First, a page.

In July of 1988, Fiebert filed a motion for partial summary judgment to dismiss the custody count of the Zacks' complaint. The trial judge rendered an oral decision granting Fiebert's motion:

The question is not whether it would be in the best interest for these children to remain with Jack [Fiebert] or to go with the grandparents, but rather the question is whether or not a hearing is required to determine that. . . . I have concluded that there is no commonlaw right that gives the grandparents in this situation standing in court to allege that a best interest hearing is required in order to determine the question of custody.

In no case that I can find is there any basis for an allegation of someone other than the parent to seek to take from another parent or from a parent children, when those children are not actually in custody or that are actually in custody of that parent without some kind of an allegation that there is some kind of unfitness on the part of the parent. And I do believe the reports that I've alluded to, the Probation Report, Diagnostic Reports of August 23, 1988 and

May 18, 1988 put to rest the fact that this defendant is in fact an unfit parent, because he is not at least according to our reports. Secondly, I don't believe the statute confers that right. The statute confers a right to visitation on the part of the parent -- grandparents which they before did not have. At least this statute was an effort by the Legislature to speak on this point and they spoke very clearly. They gave to grandparents the right of visitation. They chose not to give to grandparents the right to sue for custody under these circumstances. That does not mean that there are not circumstances under which grandparents may make this allegation, I suppose, in the case of an unfit father or whatever they could. But there's not that evidence in this case. I'm not saying that Jack Fiebert would be the most suitable parent for these children, although from the reports it seems that way. But I really haven't taken testimony on that question. Nor do I say that Joseph and Ann Zack would be unfit to have custody of these grandchildren. It's obvious to me that they have a great deal of affection for these grandchildren. And I think we should in this proceeding, if we can do anything, we can try to continue that relationship between grandparent and grandchild. That's a very important relationship and Jack as their father should realize that, that these children need to have that kind of relationship. But as far as I am concerned, I agree with the position adopted by Jack Fiebert through his attorney that no best interest hearing is required under these circumstances, unless there is an allegation of unfitness and I don't believe there is any unfitness in the defendant, Jack Fiebert.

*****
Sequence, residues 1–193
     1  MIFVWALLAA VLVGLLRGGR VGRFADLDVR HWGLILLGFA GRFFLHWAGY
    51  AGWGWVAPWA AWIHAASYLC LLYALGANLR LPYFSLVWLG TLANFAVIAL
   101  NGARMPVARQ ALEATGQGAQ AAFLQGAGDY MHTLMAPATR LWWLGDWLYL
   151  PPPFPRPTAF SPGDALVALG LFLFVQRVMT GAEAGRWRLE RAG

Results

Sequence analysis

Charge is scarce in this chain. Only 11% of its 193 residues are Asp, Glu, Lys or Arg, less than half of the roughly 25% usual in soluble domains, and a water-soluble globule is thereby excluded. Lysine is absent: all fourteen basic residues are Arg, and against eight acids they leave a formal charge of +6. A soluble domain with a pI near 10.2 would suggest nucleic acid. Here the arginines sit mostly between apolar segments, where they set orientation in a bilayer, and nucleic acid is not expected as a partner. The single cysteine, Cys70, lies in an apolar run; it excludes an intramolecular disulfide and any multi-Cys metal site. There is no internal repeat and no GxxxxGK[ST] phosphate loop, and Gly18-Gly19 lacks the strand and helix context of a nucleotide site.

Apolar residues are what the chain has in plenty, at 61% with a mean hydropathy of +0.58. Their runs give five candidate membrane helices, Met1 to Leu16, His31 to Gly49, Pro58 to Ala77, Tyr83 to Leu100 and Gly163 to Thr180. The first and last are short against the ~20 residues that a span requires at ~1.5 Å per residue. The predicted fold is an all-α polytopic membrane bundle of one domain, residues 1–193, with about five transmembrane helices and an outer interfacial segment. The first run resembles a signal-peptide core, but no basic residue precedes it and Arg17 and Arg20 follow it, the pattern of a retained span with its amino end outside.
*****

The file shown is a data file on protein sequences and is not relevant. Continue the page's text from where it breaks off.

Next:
Boiled down to its essentials, the trial judge's ruling had two prongs. First, he declared that the standard he would apply to the Zacks' claim for custody of their grandchildren as against Fiebert was one of unfitness. Second, he determined that the Zacks' allegations against Fiebert (even if believed) did not ...